RealTime IT News

Indian Firms Seek To Prevent Employee Misuse Of Net

Indian companies which have recently hopped onto the cyber-bandwagon are anxiously attempting to outwit mouse-happy employees and prevent misuse of expensive Internet connections.

While some organizations like UPharma have decided to restrict Internet access to the R&D department, others like Philips have replaced individual e-mail facilities with group e-mail, which makes personal correspondence awkward.

Companies like BPL are also contemplating installing software which will filter out non-work related sites.

"We try to block X-rated sites because we don't want people to waste time and office resources," maintains S. Paul, head of software division, Zicom, pointing out that most organizations are in search of effective software solutions.

International software packages like Net Nanny, SurfWatch and WebSense apart, a number of Indian products have also popped up in the market for example, Quantum Link's Surf and Ruksun Software Technology's Kid's Internet Suite.

Kids' Internet Suite was originally meant for parents who wanted to control their children's cyber-activities. One engineering design company, for example, hopes to use the kiddie product to restrict its employees to engineering-related sites.

None of these software packages are foolproof, however, a fact which substantially complicates matters for employers.

"It is easy to block playboy.com, but not so easy to block some obscure Swedish site," points out Mohan Siroya of Netinter, adding that the Internet changes too quickly for any list-based software to keep up.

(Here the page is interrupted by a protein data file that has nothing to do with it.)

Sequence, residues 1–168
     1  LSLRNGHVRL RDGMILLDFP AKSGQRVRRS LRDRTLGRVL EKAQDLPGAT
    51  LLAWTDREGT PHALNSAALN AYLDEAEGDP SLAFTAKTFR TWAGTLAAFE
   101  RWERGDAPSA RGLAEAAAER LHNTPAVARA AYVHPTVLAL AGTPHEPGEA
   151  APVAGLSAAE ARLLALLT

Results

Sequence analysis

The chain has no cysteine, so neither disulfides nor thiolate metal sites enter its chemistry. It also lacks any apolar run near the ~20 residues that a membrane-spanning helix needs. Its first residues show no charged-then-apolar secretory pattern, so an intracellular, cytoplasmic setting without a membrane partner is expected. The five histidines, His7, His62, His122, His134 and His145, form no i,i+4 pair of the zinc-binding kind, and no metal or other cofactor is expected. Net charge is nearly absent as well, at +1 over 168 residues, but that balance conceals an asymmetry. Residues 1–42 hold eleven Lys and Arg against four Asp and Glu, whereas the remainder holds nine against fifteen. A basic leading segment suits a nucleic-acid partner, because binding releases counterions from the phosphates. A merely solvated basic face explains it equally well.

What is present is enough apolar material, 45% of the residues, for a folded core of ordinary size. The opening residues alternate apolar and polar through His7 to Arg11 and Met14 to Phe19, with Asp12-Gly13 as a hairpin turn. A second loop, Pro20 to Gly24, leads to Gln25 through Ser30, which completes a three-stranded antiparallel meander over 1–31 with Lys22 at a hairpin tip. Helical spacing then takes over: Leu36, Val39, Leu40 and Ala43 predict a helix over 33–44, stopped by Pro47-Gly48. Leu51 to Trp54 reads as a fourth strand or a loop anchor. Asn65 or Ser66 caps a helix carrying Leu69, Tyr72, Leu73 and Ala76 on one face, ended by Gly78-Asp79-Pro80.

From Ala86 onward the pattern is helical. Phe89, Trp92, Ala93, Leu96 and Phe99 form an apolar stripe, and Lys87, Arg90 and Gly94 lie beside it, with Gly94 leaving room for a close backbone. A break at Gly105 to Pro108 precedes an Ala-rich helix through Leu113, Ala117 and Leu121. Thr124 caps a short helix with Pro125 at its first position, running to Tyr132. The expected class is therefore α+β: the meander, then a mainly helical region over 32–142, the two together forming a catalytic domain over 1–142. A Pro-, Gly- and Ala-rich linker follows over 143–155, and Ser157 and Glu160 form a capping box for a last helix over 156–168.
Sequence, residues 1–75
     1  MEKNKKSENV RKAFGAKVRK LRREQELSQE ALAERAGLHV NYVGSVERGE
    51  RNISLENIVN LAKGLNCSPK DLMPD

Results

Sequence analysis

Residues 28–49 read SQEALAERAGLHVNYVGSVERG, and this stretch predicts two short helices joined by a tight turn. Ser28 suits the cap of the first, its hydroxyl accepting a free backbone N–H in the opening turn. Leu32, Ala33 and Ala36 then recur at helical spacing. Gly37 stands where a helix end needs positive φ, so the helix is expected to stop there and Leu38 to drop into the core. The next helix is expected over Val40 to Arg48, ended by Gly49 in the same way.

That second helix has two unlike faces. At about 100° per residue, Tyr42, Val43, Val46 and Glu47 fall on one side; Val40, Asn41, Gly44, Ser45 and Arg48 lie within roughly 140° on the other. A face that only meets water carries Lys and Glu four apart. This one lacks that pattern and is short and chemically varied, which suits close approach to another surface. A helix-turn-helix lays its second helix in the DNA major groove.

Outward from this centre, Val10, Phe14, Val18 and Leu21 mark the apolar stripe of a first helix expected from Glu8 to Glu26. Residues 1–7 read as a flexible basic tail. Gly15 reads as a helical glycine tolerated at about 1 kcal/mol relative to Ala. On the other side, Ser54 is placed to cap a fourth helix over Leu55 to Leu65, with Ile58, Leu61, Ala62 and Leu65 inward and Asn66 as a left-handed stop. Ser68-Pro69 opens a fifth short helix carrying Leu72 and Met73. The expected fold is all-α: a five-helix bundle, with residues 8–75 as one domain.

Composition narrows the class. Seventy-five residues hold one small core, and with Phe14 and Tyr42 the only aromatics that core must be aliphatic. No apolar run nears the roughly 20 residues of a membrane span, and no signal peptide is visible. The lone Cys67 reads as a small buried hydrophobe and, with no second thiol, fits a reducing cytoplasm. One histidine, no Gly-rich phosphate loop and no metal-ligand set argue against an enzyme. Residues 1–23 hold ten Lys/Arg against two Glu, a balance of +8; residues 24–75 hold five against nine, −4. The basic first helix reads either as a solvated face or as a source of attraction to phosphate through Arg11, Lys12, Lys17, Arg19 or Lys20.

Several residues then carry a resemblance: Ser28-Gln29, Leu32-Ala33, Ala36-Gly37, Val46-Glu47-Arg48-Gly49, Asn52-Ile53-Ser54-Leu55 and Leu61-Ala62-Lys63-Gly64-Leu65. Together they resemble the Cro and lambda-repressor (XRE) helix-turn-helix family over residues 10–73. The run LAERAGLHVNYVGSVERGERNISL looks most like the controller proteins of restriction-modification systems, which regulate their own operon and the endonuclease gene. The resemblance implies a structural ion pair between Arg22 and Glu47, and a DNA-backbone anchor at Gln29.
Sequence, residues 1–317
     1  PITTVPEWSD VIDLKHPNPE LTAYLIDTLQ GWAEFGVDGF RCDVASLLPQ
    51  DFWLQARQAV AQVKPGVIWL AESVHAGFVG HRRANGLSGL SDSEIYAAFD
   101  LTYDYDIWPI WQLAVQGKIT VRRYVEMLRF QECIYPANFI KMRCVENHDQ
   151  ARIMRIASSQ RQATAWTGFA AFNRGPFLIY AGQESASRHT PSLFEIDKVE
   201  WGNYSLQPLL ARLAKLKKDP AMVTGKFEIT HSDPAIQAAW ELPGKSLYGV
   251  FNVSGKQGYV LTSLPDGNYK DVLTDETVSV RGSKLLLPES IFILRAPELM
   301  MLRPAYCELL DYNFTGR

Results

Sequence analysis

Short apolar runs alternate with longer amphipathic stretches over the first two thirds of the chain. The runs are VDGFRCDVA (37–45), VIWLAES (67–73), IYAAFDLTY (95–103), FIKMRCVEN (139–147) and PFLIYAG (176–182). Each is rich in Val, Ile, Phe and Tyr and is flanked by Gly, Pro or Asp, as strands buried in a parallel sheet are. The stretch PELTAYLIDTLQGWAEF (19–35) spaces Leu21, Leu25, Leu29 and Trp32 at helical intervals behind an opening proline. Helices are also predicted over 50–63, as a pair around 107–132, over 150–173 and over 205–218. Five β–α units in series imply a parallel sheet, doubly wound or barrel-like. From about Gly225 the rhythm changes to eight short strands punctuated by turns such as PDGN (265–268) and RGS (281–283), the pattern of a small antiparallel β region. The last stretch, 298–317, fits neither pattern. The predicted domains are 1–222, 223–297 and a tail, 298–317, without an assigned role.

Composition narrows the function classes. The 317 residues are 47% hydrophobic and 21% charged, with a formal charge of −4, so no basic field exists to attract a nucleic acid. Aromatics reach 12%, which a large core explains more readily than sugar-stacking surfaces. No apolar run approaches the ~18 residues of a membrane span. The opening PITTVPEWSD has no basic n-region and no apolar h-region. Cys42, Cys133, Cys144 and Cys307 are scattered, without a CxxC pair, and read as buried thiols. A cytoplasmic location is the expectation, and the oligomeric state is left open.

Adds the technology manager of a pharmaceutical organization, "We decided to block all sites containing suggestive words like 'sex', 'teen' and 'hot.' But we ended up blocking even innocent sites like teen radio stations and Hotmail. And many pornographic sites with less obvious names got through."

"However, senior officials decided that we need to stimulate outgoing traffic and get our employees to keep track of competitors via the Net. So we decided to use a new system--we regularly air our views through e-mail newsletters to all our employees," he said.

The impact of e-mail as a tool of communication (in this case almost like a memo) has curtailed the habit to a large extent.

The employees know that Big Brother is watching and that keeps them in check, he added. A few organizations likeTCS have adopted a more efficient approach.

"We have made it known that through the proxy-server we can track all Internet activities," says a representative of TCS. "The fear of being found out is enough of a deterrent and we don't need to block sites individually."